John Singer Sargent, A Dinner Table at Night, 1884
Last week, I was invited to a fancy dinner in honor of a personage in the international art scene who had curated an interactive installation in an urban high school. More specifically, my rather more impressive friend was invited, and he asked if he might bring me. Not being much of a personage in the international art scene or otherwise, I was both excited and nervous. The night before, I tried on and rejected several dresses before deciding on a black lace vintage frock I had picked up at a thrift store some months before, and had altered but never worn. Having had a haircut four days before, I decided to eke a little more mileage out of my increasingly mangy blowout, and I put on my old denim jacket as a sort of security blanket.
The dinner was held in the private room of an austerely chic downtown restaurant. It was already filled with people when we arrived—some recognizable, many beautiful, all looking like personages. The room contained several long tables bedecked with place cards. I accepted a glass of wine and tried to look less anxious. But when my friend went outside for a cigarette, I went with him.
When we returned to the room, everyone was seated. Someone called to my friend to come sit next to her; he had been placed near some famous people in the center of the table. I looked around, but I already knew: there was no place card for me. Everyone else was seated. A waiter murmured in my ear that someone hadn’t shown up; I could sit in her seat for the moment.
“You work at the high school?” said the very elegant gentleman to my right. It seemed the person whose seat I was borrowing worked at the high school. Her name was Lisa.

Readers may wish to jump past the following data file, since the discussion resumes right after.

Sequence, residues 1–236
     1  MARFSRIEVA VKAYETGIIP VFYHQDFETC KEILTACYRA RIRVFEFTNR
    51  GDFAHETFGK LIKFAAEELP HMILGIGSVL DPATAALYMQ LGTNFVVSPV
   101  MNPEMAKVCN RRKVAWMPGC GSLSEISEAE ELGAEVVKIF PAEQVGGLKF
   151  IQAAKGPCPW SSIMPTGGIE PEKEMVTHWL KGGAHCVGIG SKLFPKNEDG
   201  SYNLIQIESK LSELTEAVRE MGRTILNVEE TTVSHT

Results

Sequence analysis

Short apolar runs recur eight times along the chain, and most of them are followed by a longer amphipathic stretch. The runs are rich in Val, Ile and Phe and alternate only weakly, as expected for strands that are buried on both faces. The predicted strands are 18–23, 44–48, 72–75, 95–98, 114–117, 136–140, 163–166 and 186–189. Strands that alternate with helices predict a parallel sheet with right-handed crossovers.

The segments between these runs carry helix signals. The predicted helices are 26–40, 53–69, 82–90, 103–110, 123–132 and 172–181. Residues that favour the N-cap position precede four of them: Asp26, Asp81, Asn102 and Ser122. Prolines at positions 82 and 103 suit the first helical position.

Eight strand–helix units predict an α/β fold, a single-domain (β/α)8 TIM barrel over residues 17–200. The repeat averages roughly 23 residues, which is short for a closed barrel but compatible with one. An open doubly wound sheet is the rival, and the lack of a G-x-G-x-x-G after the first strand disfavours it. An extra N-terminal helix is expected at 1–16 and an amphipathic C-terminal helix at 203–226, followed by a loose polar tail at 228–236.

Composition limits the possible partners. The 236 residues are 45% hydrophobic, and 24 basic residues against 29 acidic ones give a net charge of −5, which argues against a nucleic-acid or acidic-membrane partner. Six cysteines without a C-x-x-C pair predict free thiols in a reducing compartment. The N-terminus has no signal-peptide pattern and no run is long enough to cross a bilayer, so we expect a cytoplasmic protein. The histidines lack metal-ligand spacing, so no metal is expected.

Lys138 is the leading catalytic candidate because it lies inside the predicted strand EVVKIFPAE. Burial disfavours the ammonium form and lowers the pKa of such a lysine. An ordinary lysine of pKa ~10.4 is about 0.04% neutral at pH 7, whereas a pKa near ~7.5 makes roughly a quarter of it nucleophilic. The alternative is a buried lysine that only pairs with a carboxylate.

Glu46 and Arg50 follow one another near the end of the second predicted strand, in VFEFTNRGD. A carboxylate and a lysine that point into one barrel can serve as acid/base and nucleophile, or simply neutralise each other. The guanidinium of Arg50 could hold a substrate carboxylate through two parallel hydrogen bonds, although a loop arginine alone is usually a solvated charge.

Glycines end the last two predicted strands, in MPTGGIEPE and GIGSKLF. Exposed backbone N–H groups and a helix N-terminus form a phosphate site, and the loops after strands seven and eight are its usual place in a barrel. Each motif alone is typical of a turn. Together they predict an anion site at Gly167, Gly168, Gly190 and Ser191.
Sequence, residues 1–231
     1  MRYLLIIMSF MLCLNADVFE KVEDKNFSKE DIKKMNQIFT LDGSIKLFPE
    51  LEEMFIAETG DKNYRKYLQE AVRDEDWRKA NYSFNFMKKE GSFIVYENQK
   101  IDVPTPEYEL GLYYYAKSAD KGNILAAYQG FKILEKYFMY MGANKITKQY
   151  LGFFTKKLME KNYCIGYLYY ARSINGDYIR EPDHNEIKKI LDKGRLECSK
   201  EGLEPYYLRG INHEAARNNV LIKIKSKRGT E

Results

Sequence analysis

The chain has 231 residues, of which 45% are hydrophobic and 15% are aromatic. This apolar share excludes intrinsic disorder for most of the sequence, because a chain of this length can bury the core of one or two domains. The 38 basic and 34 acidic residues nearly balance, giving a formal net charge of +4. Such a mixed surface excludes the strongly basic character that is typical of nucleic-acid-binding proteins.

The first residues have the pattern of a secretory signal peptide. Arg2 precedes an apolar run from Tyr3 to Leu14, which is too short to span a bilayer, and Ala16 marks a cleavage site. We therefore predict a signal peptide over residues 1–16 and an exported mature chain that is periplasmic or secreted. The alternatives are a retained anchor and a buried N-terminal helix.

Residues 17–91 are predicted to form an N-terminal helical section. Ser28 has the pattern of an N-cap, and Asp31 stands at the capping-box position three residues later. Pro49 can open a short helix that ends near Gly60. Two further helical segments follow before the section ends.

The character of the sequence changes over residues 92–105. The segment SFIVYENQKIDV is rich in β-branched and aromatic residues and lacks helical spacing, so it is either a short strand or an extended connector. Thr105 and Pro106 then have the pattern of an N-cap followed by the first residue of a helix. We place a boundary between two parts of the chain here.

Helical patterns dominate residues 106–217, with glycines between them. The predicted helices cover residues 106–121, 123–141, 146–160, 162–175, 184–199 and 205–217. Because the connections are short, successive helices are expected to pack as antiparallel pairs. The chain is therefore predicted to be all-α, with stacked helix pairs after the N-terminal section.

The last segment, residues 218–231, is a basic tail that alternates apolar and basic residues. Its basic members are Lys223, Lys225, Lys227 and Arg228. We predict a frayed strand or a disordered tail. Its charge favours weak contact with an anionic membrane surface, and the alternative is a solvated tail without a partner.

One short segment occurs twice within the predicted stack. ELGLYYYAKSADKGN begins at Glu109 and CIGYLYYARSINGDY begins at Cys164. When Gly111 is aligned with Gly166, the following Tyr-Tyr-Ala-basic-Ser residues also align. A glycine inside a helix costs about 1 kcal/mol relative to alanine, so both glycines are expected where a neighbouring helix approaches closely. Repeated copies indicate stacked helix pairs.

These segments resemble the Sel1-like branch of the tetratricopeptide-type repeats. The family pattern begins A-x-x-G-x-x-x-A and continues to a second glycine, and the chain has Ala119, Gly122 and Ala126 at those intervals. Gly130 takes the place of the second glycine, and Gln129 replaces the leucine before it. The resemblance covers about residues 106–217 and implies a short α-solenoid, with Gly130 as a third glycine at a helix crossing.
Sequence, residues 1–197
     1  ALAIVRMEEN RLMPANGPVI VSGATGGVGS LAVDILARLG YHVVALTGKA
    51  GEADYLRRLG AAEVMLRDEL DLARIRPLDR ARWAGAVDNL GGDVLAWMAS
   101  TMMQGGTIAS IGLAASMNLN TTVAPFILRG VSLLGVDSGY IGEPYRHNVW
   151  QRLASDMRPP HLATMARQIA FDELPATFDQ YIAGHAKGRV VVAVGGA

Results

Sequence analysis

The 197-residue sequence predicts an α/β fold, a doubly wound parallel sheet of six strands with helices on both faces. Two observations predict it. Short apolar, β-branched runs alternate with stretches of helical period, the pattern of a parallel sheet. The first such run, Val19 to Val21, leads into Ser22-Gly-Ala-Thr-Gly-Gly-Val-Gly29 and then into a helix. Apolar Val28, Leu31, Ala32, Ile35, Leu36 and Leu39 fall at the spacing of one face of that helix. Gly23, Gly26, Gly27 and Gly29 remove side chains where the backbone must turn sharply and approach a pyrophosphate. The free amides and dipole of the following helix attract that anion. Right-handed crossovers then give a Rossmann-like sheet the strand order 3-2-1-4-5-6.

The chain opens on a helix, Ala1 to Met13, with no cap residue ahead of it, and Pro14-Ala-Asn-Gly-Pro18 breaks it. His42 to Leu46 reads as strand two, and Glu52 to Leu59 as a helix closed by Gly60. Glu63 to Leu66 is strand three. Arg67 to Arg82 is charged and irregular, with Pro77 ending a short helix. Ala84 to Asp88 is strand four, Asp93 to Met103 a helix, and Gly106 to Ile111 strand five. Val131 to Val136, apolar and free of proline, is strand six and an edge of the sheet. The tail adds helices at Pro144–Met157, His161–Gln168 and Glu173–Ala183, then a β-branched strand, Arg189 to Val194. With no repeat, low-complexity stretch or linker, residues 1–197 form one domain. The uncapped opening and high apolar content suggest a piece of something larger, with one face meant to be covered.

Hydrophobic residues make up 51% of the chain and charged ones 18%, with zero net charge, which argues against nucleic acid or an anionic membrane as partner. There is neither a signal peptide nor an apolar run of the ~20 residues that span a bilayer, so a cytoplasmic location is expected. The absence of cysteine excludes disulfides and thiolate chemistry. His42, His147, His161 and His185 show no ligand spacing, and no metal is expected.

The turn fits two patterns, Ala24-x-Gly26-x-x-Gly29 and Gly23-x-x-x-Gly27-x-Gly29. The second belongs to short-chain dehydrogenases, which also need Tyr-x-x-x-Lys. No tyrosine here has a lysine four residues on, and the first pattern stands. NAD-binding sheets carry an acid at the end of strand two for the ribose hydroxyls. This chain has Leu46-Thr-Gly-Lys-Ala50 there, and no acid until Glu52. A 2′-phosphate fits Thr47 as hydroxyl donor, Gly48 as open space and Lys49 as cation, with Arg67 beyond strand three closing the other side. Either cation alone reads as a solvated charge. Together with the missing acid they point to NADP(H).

“No,” I said apologetically. “I—”
But he had already turned away. He and the person on his right spoke in German about the Frieze Art Fair. The seat to my left was empty. I sat and sipped my wine in silence. I was blessedly relieved when the waiter took my order; I decided I would try again with my neighbor.
“What did you order?” I said. “I think it’s pretty bold, making veal an option.”
“I’m a vegetarian,” he said. And turned away from me again.
I sat in silence for perhaps ten minutes, trying to look like I was having fun. When my friend caught my eye, I smiled gaily. His neighbors were all laughing and talking.
A woman several seats down took pity on me. “Lisa,” she said. “I understand you work in the high school.”
“No,” I said.
“Well, what do you do?”
“I’m a writer.”
“Do you write anywhere I’d have seen?”
While I was deciding how to answer this, someone else engaged her in French and she too turned away.
My veal came and I ate it, doggedly, in silence.
I felt tears threatening. I would have excused myself, but I knew no one would care. I got up and went into the bathroom, where I went into a stall and cried for several minutes, then splashed water on my face and repaired my eye makeup.
I told my friend I wasn’t feeling well and left during the toasts. When I tried to claim my denim jacket from the coat check, I found that I had lost my ticket stub. The young woman working there said she couldn’t let me have my jacket without the manager’s approval. It was a new policy. I stood and waited for about ten minutes.
“May I please have my jacket?” I said. “It’s just a jean jacket.” I told her the brand name and the size.
“This is definitely yours,” she said, “but I can’t let you have it.”
We waited for another five minutes. Then the manager arrived and released the jacket into my custody.
“Try not to lose your ticket next time,” he said.
“I won’t,” I muttered.
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